For University of Toronto Mississauga professor Pierre Desrochers, being appointed in the Department of Geography gives him the best of both the academic and policy world. “I was born to write ‘serious’ stuff [like] policy-relevant things in the hope of making the world a better place,” says Desrochers. “But geography as a discipline gives me more freedom to do so than any other academic discipline that I am aware of.”
Desrochers didn’t always intend to become an incorrigible interdisciplinarian. After completing a BA in political science at the University of Montreal, he began graduate school at the Norman Paterson School of International Affairs at Carleton University in Ottawa with the goal of specializing in the writing and administration of free-trade agreements. However, he came across the work of urban theorist and Toronto icon Jane Jacobs along the way. Her work convinced him that that the “essence of human creativity” involves tackling interesting problems by borrowing from a wide range of perspectives and disciplines and eventually led him to get his PhD in geography.
Recently Desrochers has turned his attention to the “locavore” movement “I had some previous knowledge and interest in agricultural history, energy policy, the transportation industry and international trade,” explains Desrochers. “The food miles debate was therefore a ‘natural’ topic for me.”
Supported fondly by environmental activists, the food miles concept is based on the premise that buying food produced far from one’s residence creates much environmental and economic damage. Desrochers disputes the claims that buying local food is overall more beneficial for the local economy, more nutritious, provides local consumers with increased food security and less damaging to the environment due to less greenhouse gases emitted while shipping food products.
In his article Buy Global: The ‘Food Mile’ Perspective Distorts the Environmental Impacts of Agricultural Production, he describes the food mile perspective as a marketing fad built around false premises “In short, [locavores] do not understand the importance of productivity differentials or comparative advantages between locations, in which parts of the food supply chain use more energy, and simply pay no attention to stupid policies (such as ethanol subsidies or water subsidies to grow things in the desert) that have a much more significant environmental impact” states Desrochers, who feels that in our global food market, voluntary trade leaves everybody (with the exception of inefficient local producers) and the environment better off. “You don't build a strong local economy on charity by paying more for products that can't compete with stuff produced elsewhere,” says Desrochers. “Doing so leaves less money in people's pocket to buy other things that are produced by other people, including competitive local producers.”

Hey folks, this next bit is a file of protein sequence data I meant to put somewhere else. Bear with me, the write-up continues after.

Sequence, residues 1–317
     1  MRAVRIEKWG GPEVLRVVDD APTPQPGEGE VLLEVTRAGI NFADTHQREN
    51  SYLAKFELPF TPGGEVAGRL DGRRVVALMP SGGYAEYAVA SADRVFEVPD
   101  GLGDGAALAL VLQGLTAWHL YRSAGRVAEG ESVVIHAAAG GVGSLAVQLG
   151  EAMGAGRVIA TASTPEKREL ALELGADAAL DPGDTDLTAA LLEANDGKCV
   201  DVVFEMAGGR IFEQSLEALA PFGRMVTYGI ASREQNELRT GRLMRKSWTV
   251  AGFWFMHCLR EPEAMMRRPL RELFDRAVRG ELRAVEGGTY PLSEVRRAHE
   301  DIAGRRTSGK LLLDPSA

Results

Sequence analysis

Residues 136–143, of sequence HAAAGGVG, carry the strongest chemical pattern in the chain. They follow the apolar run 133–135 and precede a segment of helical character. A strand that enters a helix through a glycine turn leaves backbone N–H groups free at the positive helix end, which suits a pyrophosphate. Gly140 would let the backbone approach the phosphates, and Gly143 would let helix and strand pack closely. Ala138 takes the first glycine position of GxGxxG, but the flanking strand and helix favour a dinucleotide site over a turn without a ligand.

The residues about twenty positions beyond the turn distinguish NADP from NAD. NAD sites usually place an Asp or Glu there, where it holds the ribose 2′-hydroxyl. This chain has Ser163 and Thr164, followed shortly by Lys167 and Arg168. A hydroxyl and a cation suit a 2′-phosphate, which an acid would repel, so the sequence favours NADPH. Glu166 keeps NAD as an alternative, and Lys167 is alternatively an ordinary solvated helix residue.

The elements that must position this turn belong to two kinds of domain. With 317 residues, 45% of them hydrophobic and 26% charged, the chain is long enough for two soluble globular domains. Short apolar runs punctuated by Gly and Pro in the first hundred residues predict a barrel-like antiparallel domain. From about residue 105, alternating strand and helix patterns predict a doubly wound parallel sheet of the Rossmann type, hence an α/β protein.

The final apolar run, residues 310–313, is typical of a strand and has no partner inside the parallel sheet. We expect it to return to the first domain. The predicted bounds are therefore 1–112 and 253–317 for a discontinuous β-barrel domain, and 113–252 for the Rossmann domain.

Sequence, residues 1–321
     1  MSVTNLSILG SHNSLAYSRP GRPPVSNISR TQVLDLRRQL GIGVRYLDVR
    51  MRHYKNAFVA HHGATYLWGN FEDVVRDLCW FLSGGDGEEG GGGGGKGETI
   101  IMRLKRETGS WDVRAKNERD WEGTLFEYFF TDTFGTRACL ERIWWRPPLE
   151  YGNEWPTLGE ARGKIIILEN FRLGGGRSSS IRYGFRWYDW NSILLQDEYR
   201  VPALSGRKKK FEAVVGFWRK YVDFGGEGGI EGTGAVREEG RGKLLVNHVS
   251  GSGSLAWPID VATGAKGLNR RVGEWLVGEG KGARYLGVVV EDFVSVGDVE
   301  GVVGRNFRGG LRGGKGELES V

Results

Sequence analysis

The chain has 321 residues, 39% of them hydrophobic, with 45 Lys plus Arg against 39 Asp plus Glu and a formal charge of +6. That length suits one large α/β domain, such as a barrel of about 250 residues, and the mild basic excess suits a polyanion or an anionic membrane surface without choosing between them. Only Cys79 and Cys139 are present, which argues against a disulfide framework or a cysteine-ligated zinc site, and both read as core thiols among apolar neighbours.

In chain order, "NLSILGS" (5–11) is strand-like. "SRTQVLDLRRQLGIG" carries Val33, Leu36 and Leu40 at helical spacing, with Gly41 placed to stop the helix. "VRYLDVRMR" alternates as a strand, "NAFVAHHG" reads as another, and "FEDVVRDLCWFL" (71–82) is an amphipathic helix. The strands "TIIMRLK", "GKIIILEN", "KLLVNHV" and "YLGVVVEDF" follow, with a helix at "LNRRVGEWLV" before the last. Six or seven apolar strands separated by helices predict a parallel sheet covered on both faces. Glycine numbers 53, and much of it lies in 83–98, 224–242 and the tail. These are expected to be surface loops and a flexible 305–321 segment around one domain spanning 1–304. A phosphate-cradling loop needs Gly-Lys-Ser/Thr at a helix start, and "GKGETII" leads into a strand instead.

According to Desrochers, the locavores’ emphasis on transportation-related greenhouse gas does not stand up to scrutiny. “Transportation has become ever more efficient over time and represents only a small portion of total energy use,” says Desrochers. Interestingly enough, the largest greenhouse gas emission in the process of obtaining food products is attributed to consumers making constant car trips back and forth to their local market. “If you’re driving past a conventional grocery store on your way to your local farmer’s market,” he says, “chances are you’re not helping the environment.”
As for future plans, Desrochers takes it all in stride. “I have never made any real plans in terms of future research projects.” Before starting his next research endeavor, Desrochers hopes to wrap up several ongoing projects, and write accessible books based on his current work. He is presently on sabbatical for a year, taking a break from his usual routine of researching, teaching, and writing. It seems, however, that academia isn’t quite ready to take a break from him. This multitasking professor’s work is rarely ever finished. “Well, I guess sabbatical ain't what it used to be,” jokes Desrochers. “Life is treating me well, but it is not the complete break I was hoping for.”
And life is that much sweeter with the awards and recognition Desrochers has received for his research, including two paid visiting scholarships during his sabbatical years. Closer to home, he was the recipient of the UTM Dean’s Special Merit for Excellence consecutively in 2007 and 2008, and he was also profiled in the December 2009 issue of Toronto Life for his world-changing and innovative ideas on his food miles research. Desrochers hopes his work on the food miles will serve to impact society by shedding light on legitimate agricultural issues as opposed to promoting misleading marketing fads. “As the old saying goes ‘the road to hell is paved with good intentions,’” says Desrochers, noting his Catholic upbringing. “I wish more activists would keep that in mind.”